Timeline of Events

Timeline of events on Mauna Keaʻs summit.

2015 (June. 24)
750 peaceful protesters prevent TMT construction crews from reaching the summit of Mauna Kea. 12 are arrested.

2015 (June. 20) TMT partners announce plans to resume construction on Mauna Kea

2015 (May. 26) Governor Ige holds press conference to announce his plan for handling the management of Mauna Kea

2015 (Apr. 20) Mauna Kea petition surpasses 53,000 signatures and is delivered to Governor Ige

2015 (Apr. 17)
Construction of the TMT on Mauna Kea continues postponement

2015 (Apr. 11) Moratorium extended on TMT construction on Mauna Kea. Governor Ige says the Thirty Meter Telescope team tells him the work will be postponed until April 20.

2015 (Apr. 7) Governor Ige calls for a one-week “timeout” during which no TMT construction would continue.

2015 (Apr. 2) Hawai`i Supreme court hears oral arguments from Kilakila `o Hale`akala against BLNR’s approval of a CDUP for the Advanced Technology Solar Telescope (ATST) proposed for the summit of Hale`akala.

2015 (Apr. 2) Hundreds of Mauna Kea protectors block roads accessing the proposed TMT site.  Thousands more show their support for the protection of Mauna Kea.  At least 31 peaceful demonstrators were arrested

2015 (Mar) TMT contractors attempt to begin grading and access-way construction for the TMT project

2015 (Jan. 21) Mauna Kea hui and supporters deliver a letter to the Governor on the opening day of the legislature, asking for his help in protecting Mauna Kea.

2015 (Jan. 9) UH files an Environmental Impact Statement Preparation Notice (EISPN) concerning its proposal to renew its lease of Mauna Kea summit lands

2014 (Oct. 7) TMT groundbreaking ceremony disrupted and ultimately stopped by mauna protectors

2014 (Dec) Mauna Kea hui file an opening brief with the ICA

2014 (Aug/Sep) Mauna Kea hui petitioners, the Flores-Case ‘Ohana and Ku Ching, Kealoha Pisciotta, and Kumu Hula Paul Neves file two appeals from BLNR’s approval UH’s sublease of Mauna Kea lands to the TMT corporation (TMT sublease appeals). BLNR approves UH’s proposed sublease of Mauna Kea lands to TMT Corporation.

2014 (Jul. 25) BLNR denied all contested case requests on the TMT sublease and accepts OHA’s withdrawal of its contested case request on the TMT sublease.

2014 (Jul. 23) OHA Board of Trustees vote to rescind their request for a contested case on UH’s proposed TMT sublease.

2014 (Jun 13) Mauna Kea Hui members and others, including the Office of Hawaiian Affairs (OHA) call for contested cases on UH’s proposed sublease of Mauna Kea lands to the TMT Corporation.  BLNR approved the TMT sublease pending disposition of contested cases.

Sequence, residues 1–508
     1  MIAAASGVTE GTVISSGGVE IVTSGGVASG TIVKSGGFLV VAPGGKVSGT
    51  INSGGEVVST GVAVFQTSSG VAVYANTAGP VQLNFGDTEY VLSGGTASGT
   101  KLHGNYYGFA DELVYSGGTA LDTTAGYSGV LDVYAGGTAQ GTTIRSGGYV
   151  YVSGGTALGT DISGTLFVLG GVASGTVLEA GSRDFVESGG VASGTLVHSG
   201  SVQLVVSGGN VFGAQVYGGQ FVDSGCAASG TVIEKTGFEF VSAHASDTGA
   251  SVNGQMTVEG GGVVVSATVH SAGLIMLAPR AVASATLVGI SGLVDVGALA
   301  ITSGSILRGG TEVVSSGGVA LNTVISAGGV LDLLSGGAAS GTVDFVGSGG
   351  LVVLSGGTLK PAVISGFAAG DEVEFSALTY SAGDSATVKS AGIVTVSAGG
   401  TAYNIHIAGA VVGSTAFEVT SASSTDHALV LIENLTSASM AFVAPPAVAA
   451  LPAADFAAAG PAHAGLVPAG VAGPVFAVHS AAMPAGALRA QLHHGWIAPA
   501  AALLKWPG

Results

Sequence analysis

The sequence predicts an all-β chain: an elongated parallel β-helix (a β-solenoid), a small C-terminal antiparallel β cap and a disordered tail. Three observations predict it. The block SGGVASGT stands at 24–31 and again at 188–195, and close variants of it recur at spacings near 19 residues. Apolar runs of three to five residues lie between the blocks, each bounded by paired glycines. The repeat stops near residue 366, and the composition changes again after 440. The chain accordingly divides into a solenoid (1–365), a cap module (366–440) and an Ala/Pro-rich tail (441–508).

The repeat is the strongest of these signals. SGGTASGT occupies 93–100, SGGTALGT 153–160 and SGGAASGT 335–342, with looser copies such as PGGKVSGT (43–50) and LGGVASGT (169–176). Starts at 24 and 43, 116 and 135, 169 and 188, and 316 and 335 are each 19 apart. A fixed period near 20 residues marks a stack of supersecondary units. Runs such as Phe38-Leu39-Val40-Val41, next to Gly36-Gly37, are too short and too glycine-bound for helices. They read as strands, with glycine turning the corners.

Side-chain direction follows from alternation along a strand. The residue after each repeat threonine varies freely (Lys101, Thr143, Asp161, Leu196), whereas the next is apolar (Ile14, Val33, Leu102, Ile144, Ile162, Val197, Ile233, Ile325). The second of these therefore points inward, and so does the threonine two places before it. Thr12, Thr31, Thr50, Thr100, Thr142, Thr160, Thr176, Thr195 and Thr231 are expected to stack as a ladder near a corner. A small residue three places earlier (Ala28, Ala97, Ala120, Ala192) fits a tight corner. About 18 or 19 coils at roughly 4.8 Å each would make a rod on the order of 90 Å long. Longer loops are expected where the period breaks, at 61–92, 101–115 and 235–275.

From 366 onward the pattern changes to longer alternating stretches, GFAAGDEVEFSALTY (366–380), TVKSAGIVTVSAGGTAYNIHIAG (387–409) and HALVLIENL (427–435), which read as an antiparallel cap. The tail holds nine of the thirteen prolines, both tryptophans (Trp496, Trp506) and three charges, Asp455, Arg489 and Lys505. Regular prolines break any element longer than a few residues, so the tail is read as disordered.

2014 (May 5) Third Circuit Court affirmed BLNR’s approval of the TMT Conservation District Use Permit (CDUP).  Order Affirming CDUP (PDF)

2013 Mauna Kea Hui files a notice of appeal from the Third Circuit’s ruling on the TMT CDUP with the state Intermediate Court of Appeals (ICA).

2013 (Dec. 13) Hawai`i Supreme Court ruled that procedural irregularities occurred in Kilakila o Haleakala, which concerned a CDUP for the Advanced Technology Solar Telescope (ATST), proposed to be constructed on the sacred summit of Haleakala.

2013 (Dec 13) BLNR defers its vote on UH’s proposed renewal of a master lease of the Mauna Kea summit, pending completion of an EIS.

2013 (Dec 13) Oral arguments before BLNR on the TMT CDUP contested case in Hilo.

2013 (Nov 6) ASUH, the undergraduate student governing body, that represents the 14,000 undergraduate students at UH has voted to pass a resolution in opposition to UH's seeking a new general lease.

2013 (Oct) Mural for Mauna Kea is painted at UH Manoa with language calling out UH’s claim  to be a “Hawaiian place of learning” while they bulldoze our most sacred sites. Ka Leo (who hosted the mural event) even painted over this language. After pressure by kanaka student group hauMANA, Ka Leo apologized for singling out the mural and for unevenly applying their policies.

2013 (May 13) Mauna Kea Hui files a notice of appeal from BLNR’s approval of the TMT CDUP with the Third Circuit.

2013 (April 12) BLNR issues its findings of fact, conclusions of law, and decision and order, approving the TMT-CDUA.

2012  (Jan. 25) ICA denies Mauna Kea Hui’s challenge to UH’s CMP, concluding no public hearing was required on the CMP as “a management plan proposed independent of any proposed land use.”